May 8, 2015 1:15 pm

Planning a home renovation? Tips for keeping your finances in order

You've picked out your dream flooring, new appliances and cabinets -- okay, so how are you going to pay for that renovation?

THE CANADIAN PRESS/Richard Buchan
A A

When dreaming of a home renovation, visions of new cabinets, countertops and appliances are often the first things that come to mind.

But, figuring out how you’re going to pay for it? That’s likely a little further down the line.

It may not be the most exciting part of a reno, but experts say planning your financing well in advance is key to a successful project.

Story continues below

“Prioritizing where to spend your home improvement dollars is smart, but before you begin, you should make sure that you have a clear plan in place and access to the funds that you need to get the job done,” said Barry Gollom, vice president of Mortgages and Lending at CIBC.

With any renovation there are a certain number of costs you can calculate upfront – and then there are the unforeseen costs that can pile up, when a project goes over-budget or a contractor’s estimates don’t match the final bill.

READ MORE: Canadians want to renovate, but cost is a big worry

Even without those unforeseen costs factored in, Canadians plan on spending more than $17,000 on renovations in 2015.

According to a CIBC poll released Friday, project budgets are down from almost $20,000 in 2014, but the number of people planning to reno remains high, at 42 per cent of those polled.

READ MORE: Canadians reno budget shrinks, projects get practical in 2015

Buffer your budget

Whatever your project is, experts recommend planning ahead and creating a realistic budget.

“Renovations almost always cost more than what you thought they were going to cost,” said Gary Tymoschuk, VP of Operations at the Credit Counselling Society.

He recommends adding a buffer of 25 per cent to your projected budget right from the beginning. If you are on a tight budget and only want to spend $10,000, for example, an additional 25 per cent on top of that could be problematic.

TD’s Pat Giles agrees, adding that homeowners need to be realistic about potential bumps in the road changing their initial plans. “Factoring in an extra 10 to 15 per cent on top of your anticipated costs can help keep you from running over-budget,” said Giles. “Be prepared to make the trade-off decisions that inevitably come with renovations,” he added.

How to pay for a reno

The best way to pay for a renovation is to save up some, or all, of the money first, said Tymoschuk.

Of course, $17,000 is a significant amount, he added, and most won’t be able to save all of this, which is why many Canadians turn to different financing options to pay for their reno.

The worst form of financing, Tymoschuk said, is paying for your project with a credit card. “Credit cards likely have the highest interest rate,” he said. “And if you carry that balance over a period of time, you have to factor that in — those interest payments can be quite significant.”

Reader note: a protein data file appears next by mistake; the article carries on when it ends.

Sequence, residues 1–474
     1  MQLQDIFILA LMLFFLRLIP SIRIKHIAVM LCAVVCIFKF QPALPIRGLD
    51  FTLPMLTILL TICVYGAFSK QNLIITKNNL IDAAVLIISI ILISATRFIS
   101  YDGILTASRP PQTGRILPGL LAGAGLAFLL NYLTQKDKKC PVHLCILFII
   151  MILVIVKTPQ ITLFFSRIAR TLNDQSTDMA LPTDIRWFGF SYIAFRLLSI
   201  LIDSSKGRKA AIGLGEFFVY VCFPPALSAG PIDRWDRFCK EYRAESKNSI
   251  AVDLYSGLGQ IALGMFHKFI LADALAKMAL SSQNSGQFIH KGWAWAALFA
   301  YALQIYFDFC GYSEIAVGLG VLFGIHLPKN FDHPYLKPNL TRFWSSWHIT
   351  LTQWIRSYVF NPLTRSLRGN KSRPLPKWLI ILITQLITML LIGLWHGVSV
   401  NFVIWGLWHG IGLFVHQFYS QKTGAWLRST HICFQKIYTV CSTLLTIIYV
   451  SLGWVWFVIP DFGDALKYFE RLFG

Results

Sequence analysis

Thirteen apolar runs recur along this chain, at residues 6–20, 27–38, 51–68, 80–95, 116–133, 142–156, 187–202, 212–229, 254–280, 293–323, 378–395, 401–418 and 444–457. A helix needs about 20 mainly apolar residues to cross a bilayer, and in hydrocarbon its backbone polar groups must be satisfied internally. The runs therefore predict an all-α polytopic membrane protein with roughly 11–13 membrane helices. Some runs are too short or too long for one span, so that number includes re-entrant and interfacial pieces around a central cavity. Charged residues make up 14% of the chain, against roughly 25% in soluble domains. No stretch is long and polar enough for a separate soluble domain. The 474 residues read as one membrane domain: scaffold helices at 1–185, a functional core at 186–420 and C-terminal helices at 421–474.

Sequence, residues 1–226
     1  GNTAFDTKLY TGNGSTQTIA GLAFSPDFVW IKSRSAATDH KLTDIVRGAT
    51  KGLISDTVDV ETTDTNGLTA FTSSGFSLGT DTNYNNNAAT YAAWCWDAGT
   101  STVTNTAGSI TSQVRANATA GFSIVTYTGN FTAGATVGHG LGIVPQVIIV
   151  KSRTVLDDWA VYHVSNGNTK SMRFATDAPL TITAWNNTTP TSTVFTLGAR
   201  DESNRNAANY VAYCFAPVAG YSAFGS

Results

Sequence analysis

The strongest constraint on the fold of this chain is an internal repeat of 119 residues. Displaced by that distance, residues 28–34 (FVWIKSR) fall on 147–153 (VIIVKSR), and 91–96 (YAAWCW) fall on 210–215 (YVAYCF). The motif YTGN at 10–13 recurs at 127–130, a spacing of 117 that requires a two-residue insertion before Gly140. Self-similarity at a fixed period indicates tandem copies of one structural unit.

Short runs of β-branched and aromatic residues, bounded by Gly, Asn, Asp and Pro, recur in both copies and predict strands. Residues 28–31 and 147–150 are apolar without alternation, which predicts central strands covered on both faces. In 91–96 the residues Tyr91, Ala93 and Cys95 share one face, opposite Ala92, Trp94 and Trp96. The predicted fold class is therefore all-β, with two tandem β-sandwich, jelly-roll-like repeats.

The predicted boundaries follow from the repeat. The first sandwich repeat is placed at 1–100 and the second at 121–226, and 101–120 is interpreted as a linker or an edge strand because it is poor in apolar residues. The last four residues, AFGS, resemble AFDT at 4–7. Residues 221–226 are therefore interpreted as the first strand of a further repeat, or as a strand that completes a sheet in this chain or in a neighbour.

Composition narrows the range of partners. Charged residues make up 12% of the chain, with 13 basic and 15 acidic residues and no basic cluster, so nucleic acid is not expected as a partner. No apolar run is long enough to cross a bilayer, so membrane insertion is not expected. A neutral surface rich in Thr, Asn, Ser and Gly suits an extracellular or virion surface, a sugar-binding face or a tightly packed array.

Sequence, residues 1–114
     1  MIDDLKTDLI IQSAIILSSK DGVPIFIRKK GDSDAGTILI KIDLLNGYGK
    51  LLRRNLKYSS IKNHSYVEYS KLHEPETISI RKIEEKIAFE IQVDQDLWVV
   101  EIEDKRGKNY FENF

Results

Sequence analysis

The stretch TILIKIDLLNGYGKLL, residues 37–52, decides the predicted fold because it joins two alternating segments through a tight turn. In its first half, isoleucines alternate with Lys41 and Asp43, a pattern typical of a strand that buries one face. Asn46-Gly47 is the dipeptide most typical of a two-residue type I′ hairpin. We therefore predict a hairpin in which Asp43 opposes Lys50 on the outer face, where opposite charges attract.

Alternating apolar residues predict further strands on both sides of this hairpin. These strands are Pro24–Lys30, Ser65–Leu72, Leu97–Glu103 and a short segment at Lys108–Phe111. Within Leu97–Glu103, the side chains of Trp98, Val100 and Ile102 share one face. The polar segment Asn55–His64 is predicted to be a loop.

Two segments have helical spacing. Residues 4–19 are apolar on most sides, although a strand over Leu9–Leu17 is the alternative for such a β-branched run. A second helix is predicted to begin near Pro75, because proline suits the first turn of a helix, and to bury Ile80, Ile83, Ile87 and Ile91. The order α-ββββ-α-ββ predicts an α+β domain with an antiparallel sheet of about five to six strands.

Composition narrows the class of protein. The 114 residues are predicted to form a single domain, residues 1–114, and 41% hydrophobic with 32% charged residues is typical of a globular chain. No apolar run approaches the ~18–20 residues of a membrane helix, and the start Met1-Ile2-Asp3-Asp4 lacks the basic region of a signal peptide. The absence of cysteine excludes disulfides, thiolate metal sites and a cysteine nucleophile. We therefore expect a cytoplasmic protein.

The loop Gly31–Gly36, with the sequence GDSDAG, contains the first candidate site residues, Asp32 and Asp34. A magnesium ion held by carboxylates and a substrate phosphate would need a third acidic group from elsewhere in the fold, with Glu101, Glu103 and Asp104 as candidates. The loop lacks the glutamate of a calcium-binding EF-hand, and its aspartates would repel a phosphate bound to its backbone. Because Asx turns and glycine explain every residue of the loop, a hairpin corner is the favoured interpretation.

Tymoschuk said to find the lowest possible interest rate when financing your renovation. That may be from your bank or credit union, if you’re in good standing. If there is equity in your home, you could look at refinancing your mortgage or taking out a second mortgage.

“But be mindful of the [interest] rates,” he said, since rates on second mortgages are often higher than your initial mortgage.

However you choose to finance your reno, you need to make sure you can afford the repayments that come with financing, stressed Tymoschuk.

“Sometimes people bite off more than they can chew, they take on too much debt, can’t afford the repayments and this gets them into trouble,” he said.

Home equity line of credit

A home equity line of credit (HELOC) is one of the most popular ways Canadians finance their renovations. They work much like regular lines of credit, allowing the homeowner to borrow whatever money they choose, up to the credit limit, pay it back and borrow it again, if needed.

Along with options like mortgage refinancing and borrowing money that you’ve prepaid on your mortgage, HELOCs have the benefit of low interest rates, according to the Financial Consumer Agency of Canada (FCAC).

According to the Bank of Montreal, rates for HELOCs usually range from prime to prime plus 0.5 per cent (compared to a regular line of credit at prime plus three or four per cent).

“The most cost-effective way, if you’re going to borrow, is to use equity in your house,” said Tony Tintinalli, BMO’s regional vice-president of personal banking.

READ MORE: Reno advice – the best bang for your buck, easy fixes and what to avoid

Tintinalli said that with HELOCs, banks can usually loan larger amounts at a cheaper cost to the homeowner.

“So if you don’t have a lot of savings, but you still have a lot of equity, you can sometimes go into the six figures for that kind of line of credit versus the personal line of credit that doesn’t have that security,” he said.

He cautioned, however, that homeowners should set up a HELOC before starting the renovation. Failing to do so could restrict the kind of loan a bank is able to offer you, forcing you to take out a higher-interest personal loan or regular line of credit.

Tymoschuk also has a warning about HELOCs — the borrower must be disciplined to make sure it gets paid off. “Often they’re interest-only payments,” he said, meaning that you could keep paying the interest, but the principle never goes down.

With files from The Canadian Press

© 2015 Shaw Media

Report an error

Comments

Global News